I know the emails that I put into my autoresponder several years ago have been sent out every day since to new subscribers who are at different stages of the sequence. It really does pay off, it’s a very powerful tool. Some of the benefits you probably already are hearing and thinking about as you’re listening to me talk, but let me just run through just a few, a handful of benefits.

Firstly, they’re great at helping your new subscribers, people who don’t really know much about you. It helps them to get on board with what you’re on about. You can use an autoresponder sequence to help people to understand who you are. To show them that you’ve got something valuable to say, to build some credibility with your audience, to help them to understand your site and help them to get engaged with your site.

They’re also really good for keeping your list warm. I think I mentioned this in a couple of episodes ago that there’s no point in having an email list, collecting emails unless you’re communicating with them. If you don’t communicate with them regularly, they go cold and they forget that they’ve subscribed, and they wonder who you are and why you’re sending them emails when you do send them. An autoresponder, setting up a sequence of emails can take a little bit of the pressure off of having to always be emailing your list to keep them warm. You can keep them warm by setting up a sequence of emails ahead of time.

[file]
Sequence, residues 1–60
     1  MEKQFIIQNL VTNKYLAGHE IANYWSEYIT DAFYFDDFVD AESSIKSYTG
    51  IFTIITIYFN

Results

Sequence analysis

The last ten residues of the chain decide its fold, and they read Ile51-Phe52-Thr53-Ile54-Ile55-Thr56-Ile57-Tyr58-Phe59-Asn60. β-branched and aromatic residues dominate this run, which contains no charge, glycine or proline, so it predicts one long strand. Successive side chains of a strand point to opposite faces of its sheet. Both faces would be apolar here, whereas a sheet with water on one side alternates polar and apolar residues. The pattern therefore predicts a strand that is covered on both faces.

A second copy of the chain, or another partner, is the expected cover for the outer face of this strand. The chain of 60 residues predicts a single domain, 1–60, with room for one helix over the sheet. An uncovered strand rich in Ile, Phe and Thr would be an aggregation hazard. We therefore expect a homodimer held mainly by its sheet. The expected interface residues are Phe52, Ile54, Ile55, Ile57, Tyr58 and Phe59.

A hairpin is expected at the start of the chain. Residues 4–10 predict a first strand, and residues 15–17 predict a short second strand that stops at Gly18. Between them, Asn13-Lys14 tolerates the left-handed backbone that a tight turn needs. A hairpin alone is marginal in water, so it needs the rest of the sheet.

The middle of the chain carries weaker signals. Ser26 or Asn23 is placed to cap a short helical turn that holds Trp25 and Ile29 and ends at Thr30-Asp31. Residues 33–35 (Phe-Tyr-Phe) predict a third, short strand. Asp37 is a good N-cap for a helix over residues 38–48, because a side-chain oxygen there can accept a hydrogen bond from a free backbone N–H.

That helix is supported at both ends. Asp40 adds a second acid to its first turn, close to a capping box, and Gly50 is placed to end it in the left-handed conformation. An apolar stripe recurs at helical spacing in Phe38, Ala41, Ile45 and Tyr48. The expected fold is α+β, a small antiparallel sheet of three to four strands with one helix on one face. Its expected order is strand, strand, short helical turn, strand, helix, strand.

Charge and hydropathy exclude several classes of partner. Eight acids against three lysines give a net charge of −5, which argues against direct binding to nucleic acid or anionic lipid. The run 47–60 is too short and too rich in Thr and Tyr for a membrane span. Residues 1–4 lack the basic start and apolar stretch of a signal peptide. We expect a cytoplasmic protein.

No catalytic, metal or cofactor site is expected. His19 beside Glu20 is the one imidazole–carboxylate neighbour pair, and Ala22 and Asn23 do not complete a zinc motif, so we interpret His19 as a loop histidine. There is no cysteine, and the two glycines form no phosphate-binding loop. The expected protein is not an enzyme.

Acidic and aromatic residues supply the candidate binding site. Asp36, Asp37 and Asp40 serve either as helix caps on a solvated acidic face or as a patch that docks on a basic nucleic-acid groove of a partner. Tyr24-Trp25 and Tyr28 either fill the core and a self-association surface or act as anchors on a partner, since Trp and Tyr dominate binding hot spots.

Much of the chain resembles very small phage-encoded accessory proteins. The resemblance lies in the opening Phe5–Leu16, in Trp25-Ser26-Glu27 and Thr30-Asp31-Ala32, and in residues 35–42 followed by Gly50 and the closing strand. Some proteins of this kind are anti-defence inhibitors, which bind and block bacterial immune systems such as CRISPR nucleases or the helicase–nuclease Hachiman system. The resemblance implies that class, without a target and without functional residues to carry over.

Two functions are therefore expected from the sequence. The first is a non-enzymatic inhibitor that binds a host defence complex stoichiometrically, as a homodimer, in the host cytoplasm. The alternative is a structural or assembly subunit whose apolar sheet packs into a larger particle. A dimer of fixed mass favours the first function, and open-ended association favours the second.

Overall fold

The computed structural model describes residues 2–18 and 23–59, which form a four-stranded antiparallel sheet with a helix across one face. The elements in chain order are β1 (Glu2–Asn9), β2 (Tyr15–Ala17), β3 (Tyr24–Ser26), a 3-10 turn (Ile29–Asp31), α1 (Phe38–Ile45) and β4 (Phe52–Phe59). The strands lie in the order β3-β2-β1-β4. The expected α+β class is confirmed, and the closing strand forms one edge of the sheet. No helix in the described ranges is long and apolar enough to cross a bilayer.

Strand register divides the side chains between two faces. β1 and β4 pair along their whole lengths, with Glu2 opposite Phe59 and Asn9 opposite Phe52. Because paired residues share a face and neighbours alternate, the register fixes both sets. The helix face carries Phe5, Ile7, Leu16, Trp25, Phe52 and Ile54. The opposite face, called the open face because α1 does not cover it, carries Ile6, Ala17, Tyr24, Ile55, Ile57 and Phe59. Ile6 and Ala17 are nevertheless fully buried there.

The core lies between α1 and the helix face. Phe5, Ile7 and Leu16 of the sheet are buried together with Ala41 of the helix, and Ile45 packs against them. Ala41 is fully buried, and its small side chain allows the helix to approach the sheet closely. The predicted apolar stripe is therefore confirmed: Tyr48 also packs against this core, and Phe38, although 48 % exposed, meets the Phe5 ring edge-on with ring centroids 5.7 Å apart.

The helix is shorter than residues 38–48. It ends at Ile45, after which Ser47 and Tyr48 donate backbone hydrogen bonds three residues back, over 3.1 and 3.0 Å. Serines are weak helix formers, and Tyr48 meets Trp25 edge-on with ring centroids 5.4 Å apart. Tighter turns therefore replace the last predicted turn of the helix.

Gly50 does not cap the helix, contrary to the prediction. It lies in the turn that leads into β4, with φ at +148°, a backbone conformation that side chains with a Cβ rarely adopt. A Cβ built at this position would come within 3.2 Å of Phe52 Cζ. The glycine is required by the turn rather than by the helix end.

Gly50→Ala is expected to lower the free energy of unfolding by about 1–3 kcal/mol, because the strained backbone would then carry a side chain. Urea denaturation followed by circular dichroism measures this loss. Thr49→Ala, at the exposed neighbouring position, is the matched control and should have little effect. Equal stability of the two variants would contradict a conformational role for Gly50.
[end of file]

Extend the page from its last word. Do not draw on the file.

Of course, they’re really great for driving traffic to your blog which is something as bloggers we’re interested in. They’re also great for helping you to build relationships with your readers. Helping them to feel like they know, like, and trust you, but they’re also great for sales. If you have a product to sell—we’ve talked about that recently on the podcast, too—or a service to offer, they can help to make those sales to ultimately build your brand.